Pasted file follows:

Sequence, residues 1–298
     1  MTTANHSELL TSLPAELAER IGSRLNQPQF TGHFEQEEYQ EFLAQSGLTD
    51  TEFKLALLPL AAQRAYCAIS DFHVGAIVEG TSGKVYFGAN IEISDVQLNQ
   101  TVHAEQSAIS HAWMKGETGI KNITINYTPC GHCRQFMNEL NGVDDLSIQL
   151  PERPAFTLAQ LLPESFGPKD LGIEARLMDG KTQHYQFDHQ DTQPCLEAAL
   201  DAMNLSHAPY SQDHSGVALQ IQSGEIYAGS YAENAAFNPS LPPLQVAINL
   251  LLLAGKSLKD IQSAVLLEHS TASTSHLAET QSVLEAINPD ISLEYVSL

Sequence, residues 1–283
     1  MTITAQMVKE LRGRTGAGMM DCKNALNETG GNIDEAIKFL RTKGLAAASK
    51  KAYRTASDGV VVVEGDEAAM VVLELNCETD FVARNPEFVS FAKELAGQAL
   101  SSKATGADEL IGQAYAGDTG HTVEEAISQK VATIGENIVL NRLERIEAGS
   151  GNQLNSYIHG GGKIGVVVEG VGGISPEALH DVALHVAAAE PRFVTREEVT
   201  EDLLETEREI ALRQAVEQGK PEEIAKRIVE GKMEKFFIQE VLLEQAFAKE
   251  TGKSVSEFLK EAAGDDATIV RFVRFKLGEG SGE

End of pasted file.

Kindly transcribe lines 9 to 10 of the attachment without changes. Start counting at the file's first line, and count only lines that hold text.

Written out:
     1  MTITAQMVKE LRGRTGAGMM DCKNALNETG GNIDEAIKFL RTKGLAAASK
    51  KAYRTASDGV VVVEGDEAAM VVLELNCETD FVARNPEFVS FAKELAGQAL